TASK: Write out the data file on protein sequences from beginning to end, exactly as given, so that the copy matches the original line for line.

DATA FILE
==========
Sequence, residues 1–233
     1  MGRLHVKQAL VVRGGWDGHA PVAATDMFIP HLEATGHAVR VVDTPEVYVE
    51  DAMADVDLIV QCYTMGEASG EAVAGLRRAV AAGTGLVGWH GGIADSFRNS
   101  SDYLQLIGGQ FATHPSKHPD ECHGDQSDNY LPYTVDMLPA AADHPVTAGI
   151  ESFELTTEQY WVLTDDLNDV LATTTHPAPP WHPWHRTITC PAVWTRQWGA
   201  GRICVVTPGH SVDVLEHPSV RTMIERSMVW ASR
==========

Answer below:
Sequence, residues 1–233
     1  MGRLHVKQAL VVRGGWDGHA PVAATDMFIP HLEATGHAVR VVDTPEVYVE
    51  DAMADVDLIV QCYTMGEASG EAVAGLRRAV AAGTGLVGWH GGIADSFRNS
   101  SDYLQLIGGQ FATHPSKHPD ECHGDQSDNY LPYTVDMLPA AADHPVTAGI
   151  ESFELTTEQY WVLTDDLNDV LATTTHPAPP WHPWHRTITC PAVWTRQWGA
   201  GRICVVTPGH SVDVLEHPSV RTMIERSMVW ASR